Making Progress!

We had some interesting conversations about shapes last week.  I was still working on getting my math interviews done so I needed everyone to be independently busy while also learning.  You might think that by the time someone is 7 or 8 years old they know what they need to know about shapes and using blocks, but it’s just not so.  I think wooden blocks aren’t as popular as they once were, so kids don’t necessarily have them to use at home (where they have spent a lot of time in the last 2 year) and I also think it’s because when kids are playing for fun, they don’t have metacognitive conversations with themselves about what they are learning – they just have fun. After they had all rotated through the different types of blocks, I started asking questions and they didn’t have much to say.  But after I asked questions, let them play again and then asked the questions again, there was a lot to be said – two chart paper pages full in fact!

One child pointed out that we can build castles and other stuff by stacking.  At first everyone thought that spheres and pyramids can’t stack, but after some consideration they realized that pyramids can be on the top of a stack, just not the bottom and spheres can go on top of things, but they need other things to keep them in place, like a cube to lean on. Some students noticed tat some shapes were not represented in the box. They then figured out they could make the missing shapes: two squares make a rectangle, two triangles make a rhombus, etc.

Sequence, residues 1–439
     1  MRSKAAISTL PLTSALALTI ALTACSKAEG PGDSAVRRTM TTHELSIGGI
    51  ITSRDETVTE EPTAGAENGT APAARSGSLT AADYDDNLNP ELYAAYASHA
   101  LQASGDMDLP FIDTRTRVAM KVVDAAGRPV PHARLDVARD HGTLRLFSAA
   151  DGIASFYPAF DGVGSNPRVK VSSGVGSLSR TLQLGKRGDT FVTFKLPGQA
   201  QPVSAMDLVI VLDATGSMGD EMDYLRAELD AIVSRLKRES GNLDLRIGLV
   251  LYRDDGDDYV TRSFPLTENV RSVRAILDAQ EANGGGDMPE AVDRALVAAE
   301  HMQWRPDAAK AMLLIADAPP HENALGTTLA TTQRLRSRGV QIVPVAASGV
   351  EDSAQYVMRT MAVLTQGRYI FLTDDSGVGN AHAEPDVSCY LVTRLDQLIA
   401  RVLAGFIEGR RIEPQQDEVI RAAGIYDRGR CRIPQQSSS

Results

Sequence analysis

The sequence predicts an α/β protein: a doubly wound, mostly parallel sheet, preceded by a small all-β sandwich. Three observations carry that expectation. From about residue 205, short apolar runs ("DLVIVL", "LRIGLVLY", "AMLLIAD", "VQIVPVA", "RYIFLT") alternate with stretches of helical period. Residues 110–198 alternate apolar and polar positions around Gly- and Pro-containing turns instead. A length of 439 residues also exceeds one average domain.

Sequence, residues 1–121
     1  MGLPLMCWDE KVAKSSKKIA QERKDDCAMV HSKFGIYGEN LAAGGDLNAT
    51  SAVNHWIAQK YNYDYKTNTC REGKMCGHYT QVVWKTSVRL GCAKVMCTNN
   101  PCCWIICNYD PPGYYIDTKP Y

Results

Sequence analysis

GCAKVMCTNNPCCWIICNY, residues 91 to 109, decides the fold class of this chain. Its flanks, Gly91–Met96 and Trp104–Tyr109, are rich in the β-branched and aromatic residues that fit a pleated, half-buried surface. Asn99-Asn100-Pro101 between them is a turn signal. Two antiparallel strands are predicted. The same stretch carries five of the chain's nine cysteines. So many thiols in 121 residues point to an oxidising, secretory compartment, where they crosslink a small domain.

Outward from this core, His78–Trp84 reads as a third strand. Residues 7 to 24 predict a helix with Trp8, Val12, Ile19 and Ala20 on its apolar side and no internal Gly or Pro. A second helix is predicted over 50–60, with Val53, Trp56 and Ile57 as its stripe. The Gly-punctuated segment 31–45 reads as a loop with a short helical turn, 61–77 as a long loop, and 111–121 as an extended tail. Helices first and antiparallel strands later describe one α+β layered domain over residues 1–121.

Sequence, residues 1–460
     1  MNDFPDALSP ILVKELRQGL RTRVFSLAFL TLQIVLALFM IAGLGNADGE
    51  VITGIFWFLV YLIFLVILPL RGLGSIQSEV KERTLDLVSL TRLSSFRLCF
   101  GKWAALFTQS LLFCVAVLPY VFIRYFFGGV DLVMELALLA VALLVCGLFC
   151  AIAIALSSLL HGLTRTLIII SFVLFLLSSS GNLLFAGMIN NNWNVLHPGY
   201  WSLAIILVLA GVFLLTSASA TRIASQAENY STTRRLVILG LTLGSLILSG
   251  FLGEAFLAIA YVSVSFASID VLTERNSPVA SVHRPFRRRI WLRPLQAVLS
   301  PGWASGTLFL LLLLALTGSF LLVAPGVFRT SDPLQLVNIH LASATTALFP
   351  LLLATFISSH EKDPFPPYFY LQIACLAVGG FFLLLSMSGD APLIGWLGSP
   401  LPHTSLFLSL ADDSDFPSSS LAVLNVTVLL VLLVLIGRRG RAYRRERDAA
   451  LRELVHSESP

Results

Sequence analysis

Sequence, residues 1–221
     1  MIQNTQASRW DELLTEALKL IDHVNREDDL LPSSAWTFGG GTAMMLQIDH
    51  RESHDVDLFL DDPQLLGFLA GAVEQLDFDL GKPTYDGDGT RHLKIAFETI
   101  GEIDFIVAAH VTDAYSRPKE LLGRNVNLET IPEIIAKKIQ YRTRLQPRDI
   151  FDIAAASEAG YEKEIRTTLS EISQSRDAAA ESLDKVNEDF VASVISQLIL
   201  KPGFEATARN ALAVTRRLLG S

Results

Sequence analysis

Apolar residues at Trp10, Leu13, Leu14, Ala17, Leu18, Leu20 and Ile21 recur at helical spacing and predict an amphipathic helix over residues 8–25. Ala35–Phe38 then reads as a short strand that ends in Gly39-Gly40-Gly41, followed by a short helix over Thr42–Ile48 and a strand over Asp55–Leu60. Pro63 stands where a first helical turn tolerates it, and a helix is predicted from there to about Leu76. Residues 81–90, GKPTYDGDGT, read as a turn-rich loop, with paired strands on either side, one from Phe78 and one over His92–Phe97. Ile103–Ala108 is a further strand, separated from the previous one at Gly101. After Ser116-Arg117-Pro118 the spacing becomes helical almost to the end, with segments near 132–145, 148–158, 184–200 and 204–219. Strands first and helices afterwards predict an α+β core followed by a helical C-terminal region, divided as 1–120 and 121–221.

We also talked about the difference between 2D and 3D shapes. We need do some more work here. This week we’ll be talking in casual conversation about how 3D shapes are made of 2D shapes. We’re also going to try to get back on track with the curriculum map I made for myself. I need to get some patterning done so we’ll continue to use the shapes and now start to use them as pattern blocks, along with the colour tiles and lots of other manipulatives from my classroom. We need some community building too, so we are going to make our own bracelets using pony beads and elastic string. I have a collection of beads that’s been hanging around far too long so I want to use them up. AND I need to get going on all the Number Talks that will help us review basic addition/subtraction strategies for numbers up to 20. I completely skipped the fun unplugged coding activities I wanted to do in September, so I will be doing those during our gym time.  I’m excited about trying this out in the big space which we were not allowed to use last year.